And this is why we the laity need our bishops and priests, those who still hold to the gospel truth and Catholic doctrine, to condemn this bridge of Fr. Martin’s and an increasing number of bishops and cardinals. The bridge being built isn’t designed for repentance, conversion, and sanctity. It is not a bridge built to lead souls to heaven. In fact, the entire language of this current movement is completely void of the supernatural. It is therapeutic language solely focused on a temporal end: acceptance. It is capitulation to the cultural left rather than proclamation of the gospel truth.
This proposed accompaniment and encounter, this bridge being built, is not meant to bring souls out of sin and into a life of grace, but rather it seeks the conversion of the Church. It waits for the Church to evolve on this topic. Few in the movement care whether or not doctrine can or will change (it can’t); pastoral evolution accomplishes their work for them. At least for now.
By comparison, look to the international apostolate Courage which seeks to help people struggling with same sex attraction. From their site:
Persons with homosexual desires have always been with us; however, until recent times, there has been little, if any, formal outreach from the Church in the way of support groups or information for such persons. Most were left to work out their path on their own. As a result, they found themselves listening to and accepting the secular society’s perspective and opting to act on their same-sex desires.
In concluding their purpose, Courage notes:
In helping individuals gain a greater understanding and appreciation of the Church’s teachings, especially in the area of chastity, Courage extends the Church’s invitation to a life of peace and grace. In chaste living, one finds the peace and grace to grow in Christian maturity.
But here is why an apostolate like Courage will receive no public endorsement from the cardinals and bishop quoted above, or from Fr. James Martin: it begins with the clearly stated understanding that the homosexual act, just like pre-martial sex, or adultery, or any other sin of the flesh, must be conquered. Their accompaniment does not come at the cost of sowing confusion or with a tacit endorsement of a continuing homosexual lifestyle.
What Courage does have that the erroneous new movement doesn’t is a profoundly spiritual component. This is their bridge, designed to bring active homosexuals back into a life of grace:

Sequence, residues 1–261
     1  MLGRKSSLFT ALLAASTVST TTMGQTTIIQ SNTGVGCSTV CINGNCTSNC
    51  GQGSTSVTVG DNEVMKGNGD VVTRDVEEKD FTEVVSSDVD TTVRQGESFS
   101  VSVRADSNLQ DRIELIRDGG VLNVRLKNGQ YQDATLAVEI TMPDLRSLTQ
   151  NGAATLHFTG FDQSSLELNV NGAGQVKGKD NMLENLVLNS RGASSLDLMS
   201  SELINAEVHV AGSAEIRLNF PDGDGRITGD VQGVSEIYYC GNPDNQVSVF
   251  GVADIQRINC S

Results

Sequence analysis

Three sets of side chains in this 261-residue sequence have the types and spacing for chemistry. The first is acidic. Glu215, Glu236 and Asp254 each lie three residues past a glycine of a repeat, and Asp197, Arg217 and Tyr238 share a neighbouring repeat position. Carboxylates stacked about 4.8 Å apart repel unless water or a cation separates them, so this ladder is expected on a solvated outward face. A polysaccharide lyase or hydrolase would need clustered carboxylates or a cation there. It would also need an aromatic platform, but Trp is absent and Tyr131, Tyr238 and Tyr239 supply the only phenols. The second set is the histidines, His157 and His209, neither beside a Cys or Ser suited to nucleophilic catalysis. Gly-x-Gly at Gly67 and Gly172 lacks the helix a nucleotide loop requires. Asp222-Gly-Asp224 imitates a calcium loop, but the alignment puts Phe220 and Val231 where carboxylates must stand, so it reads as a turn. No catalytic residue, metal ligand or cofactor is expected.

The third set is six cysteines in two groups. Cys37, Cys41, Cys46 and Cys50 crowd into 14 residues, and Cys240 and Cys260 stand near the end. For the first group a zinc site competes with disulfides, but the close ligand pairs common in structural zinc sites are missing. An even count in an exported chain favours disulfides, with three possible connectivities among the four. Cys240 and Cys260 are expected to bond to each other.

- To live chaste lives in accordance with the Roman Catholic Church’s teaching on homosexuality. ( Chastity )
- To dedicate our entire lives to Christ through service to others, spiritual reading, prayer, meditation, individual spiritual direction, frequent attendance at Mass, and the frequent reception of the sacraments of Reconciliation and Holy Eucharist. (Prayer and Dedication)
- To foster a spirit of fellowship in which we may share with one another our thoughts and experiences, and so ensure that no one will have to face the problems of homosexuality alone. (Fellowship)
- To be mindful of the truth that chaste friendships are not only possible but necessary in a chaste Christian life; and to encourage one another in forming and sustaining these friendships. (Support)
- To live lives that may serve as good examples to others. (Good Example/Role Model)
The other reason why this new bridge being built is dangerous and must be condemned is that it is part of the ongoing movement to discontinue the very language found in the Catechism of the Catholic Church related to same sex attraction. This, sadly, is consistent with the message being given by Rome these days. But nevertheless, the Catechism instructs:
“Homosexuality refers to relations between men or between women who experience an exclusive or predominant sexual attraction toward persons of the same sex. It has taken a great variety of forms through the centuries and in different cultures. Its psychological genesis remains largely unexplained. Basing itself on Sacred Scripture, which presents homosexual acts as acts of grave depravity, tradition has always declared that “homosexual acts are intrinsically disordered.” They are contrary to the natural law. They close the sexual act to the gift of life. They do not proceed from a genuine affective and sexual complementarity. Under no circumstances can they be approved.” (CCC 2357)